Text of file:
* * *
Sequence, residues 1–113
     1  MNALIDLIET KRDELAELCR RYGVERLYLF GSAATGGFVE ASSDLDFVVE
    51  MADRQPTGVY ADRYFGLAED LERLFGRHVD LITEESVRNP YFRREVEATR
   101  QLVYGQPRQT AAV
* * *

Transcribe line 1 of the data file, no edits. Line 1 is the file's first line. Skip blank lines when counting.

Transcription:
Sequence, residues 1–113